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THE STATE

Records' Release Is Criticized

Critics dismiss as a PR ploy the disclosure by the L.A. Archdiocese of documents on priests.

October 13, 2005|Jean Guccione and Sandy Banks | Times Staff Writers

The Los Angeles Archdiocese has promised for more than two years to make public 126 summaries culled from the personnel records of priests accused of molesting children. Late Tuesday, Cardinal Roger M. Mahony made good on his pledge, but already critics are questioning his motives.

Attorney J. Michael Hennigan, who represents the archdiocese in more than 560 sexual-abuse lawsuits, said the documents were released in connection with a recent court decision. A state appellate court ruled last month that it couldn't stop the archdiocese from making the information public.

"We did it as fast as we could," he said, adding that the "release has nothing to do with that settlement process."

But one attorney for 127 men and women suing the archdiocese suggested that the release may have had to do with looming trial dates that have been set after years of failed mediation.

"The writing is on the wall: We will be trying these cases," attorney Katherine K. Freberg said. She suspected that the archdiocese wanted to release damaging information now rather than risk it becoming public nearer the time of jury selection.

Los Angeles County Superior Court Judge Haley J. Fromholz said last month that he intended to set nine cases for trial within nine months.

Hennigan said during a telephone news conference Wednesday that the archdiocese was still committed to trying to reach a global settlement that would prevent the need for individual trials. He again blamed the church's insurers for the delays in settlement.

Lawyers representing two major insurers declined to comment on closed-door negotiations. But in the past, settlement negotiations have hung up in part over how the financial responsibility would be divided among the archdiocese and its insurers.

Attorney Raymond P. Boucher, liaison counsel for the plaintiffs, said the church was serious about settling the cases as long as insurance companies bear some of the liability. "The archdiocese does not want to dig too deep in its own pockets" to pay as much as $1 billion to alleged victims, he said.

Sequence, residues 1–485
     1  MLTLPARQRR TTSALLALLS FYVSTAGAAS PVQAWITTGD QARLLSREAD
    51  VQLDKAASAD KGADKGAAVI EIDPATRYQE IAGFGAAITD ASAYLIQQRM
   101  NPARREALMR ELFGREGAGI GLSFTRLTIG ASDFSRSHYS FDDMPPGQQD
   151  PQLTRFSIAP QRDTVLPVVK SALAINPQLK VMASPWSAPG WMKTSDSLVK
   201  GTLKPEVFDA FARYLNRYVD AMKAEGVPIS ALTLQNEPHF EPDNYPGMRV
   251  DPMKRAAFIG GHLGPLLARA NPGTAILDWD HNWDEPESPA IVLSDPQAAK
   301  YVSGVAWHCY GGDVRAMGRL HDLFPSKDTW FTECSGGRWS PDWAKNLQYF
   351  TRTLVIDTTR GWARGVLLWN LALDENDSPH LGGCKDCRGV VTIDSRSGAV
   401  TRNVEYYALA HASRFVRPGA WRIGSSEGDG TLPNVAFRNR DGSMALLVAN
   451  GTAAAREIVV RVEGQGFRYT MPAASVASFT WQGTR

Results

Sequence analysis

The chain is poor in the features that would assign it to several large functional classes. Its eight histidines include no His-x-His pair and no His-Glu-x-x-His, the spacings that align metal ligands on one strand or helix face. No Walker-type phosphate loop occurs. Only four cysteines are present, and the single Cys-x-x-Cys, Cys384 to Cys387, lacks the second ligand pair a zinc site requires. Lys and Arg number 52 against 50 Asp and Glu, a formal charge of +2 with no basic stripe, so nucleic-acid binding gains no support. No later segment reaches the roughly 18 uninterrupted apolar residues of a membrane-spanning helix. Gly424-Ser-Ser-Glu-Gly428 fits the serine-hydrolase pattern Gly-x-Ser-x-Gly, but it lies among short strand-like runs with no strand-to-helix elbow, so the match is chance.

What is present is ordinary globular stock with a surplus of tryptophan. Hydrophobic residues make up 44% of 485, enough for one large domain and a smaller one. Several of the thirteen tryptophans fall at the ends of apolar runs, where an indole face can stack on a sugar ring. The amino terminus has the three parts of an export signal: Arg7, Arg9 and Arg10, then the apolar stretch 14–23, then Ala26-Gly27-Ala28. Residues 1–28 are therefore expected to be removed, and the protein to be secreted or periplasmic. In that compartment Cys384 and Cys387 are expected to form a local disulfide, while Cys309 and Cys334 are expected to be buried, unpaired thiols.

The Los Angeles Archdiocese could end up paying out more than any other diocese in the U.S. because of a state law that temporarily suspended the statute of limitations, allowing molestation victims to sue institutions that failed to protect them from known predators even if the abuse took place decades earlier.

In recent years, the Catholic Church has paid nearly $250 million to settle hundreds of sex-abuse claims in California, including $100 million late last year to 90 people who alleged they were abused in Orange County.

Lawyers for the church and plaintiffs said they hoped to resolve all cases within two years.

While Hennigan was speaking to reporters, leaders of a national victims' advocacy group, Survivors Network of Those Abused by Priests, gathered on a sidewalk in front of the Cathedral of Our Lady of the Angels in downtown Los Angeles.

They denounced the documents' release as just another attempt to burnish the image of Mahony, who has been criticized by prosecutors and victims for trying to stonewall the investigation. Plaintiffs and their attorneys have long dismissed the documents, known as proffers, as incomplete and have pushed for the release of full personnel files for the accused priests.

The diocese manipulated the release "to give the appearance of Cardinal Mahony coming clean," said Mary Grant, western regional director of the victims' support group.

The documents -- summaries of what archdiocese officials contend they knew about a priest's problems, though with many names and details omitted -- will do nothing to further settlement talks between the diocese and victims, Grant said. "Victims won't agree to a settlement until the whole truth comes out."

Lawyers for alleged victims have pledged that they will not settle the cases without forcing the archdiocese to turn over copies of the actual documents contained in the priests' files. Hennigan reiterated Wednesday that the church will continue to fight the release of some documents that he said would violate the priests' privacy rights or interfere with the church's free exercise of religion.

In addition to the civil suits, two Catholic priests -- Michael Edwin Wempe and Stephen C. Hernandez -- are awaiting trial in Los Angeles County on criminal charges of molesting boys. Another priest, Fernando Lopez, was sentenced in April to six years in prison for sexually abusing three boys at St. Thomas the Apostle Church in Koreatown from 2001 until last year.

Los Angeles County Dist. Atty. Steve Cooley said Mahony's disclosures appear to be "little more than a public-relations ploy." Cooley's office has been investigating the abuse allegations for more than three years.

"The real question is why the archdiocese refuses to turn over grand jury-subpoenaed personnel records to prosecutors," Cooley said. "Three years ago, I urged Cardinal Mahony to provide the fullest possible disclosure of evidence of sexual abuse by clergy. Despite two court rulings ordering disclosure, Cardinal Mahony continues to claim 'confidentiality privileges' that no court has recognized.

"What we're looking for is evidence and investigative leads, not institutional mea culpas."

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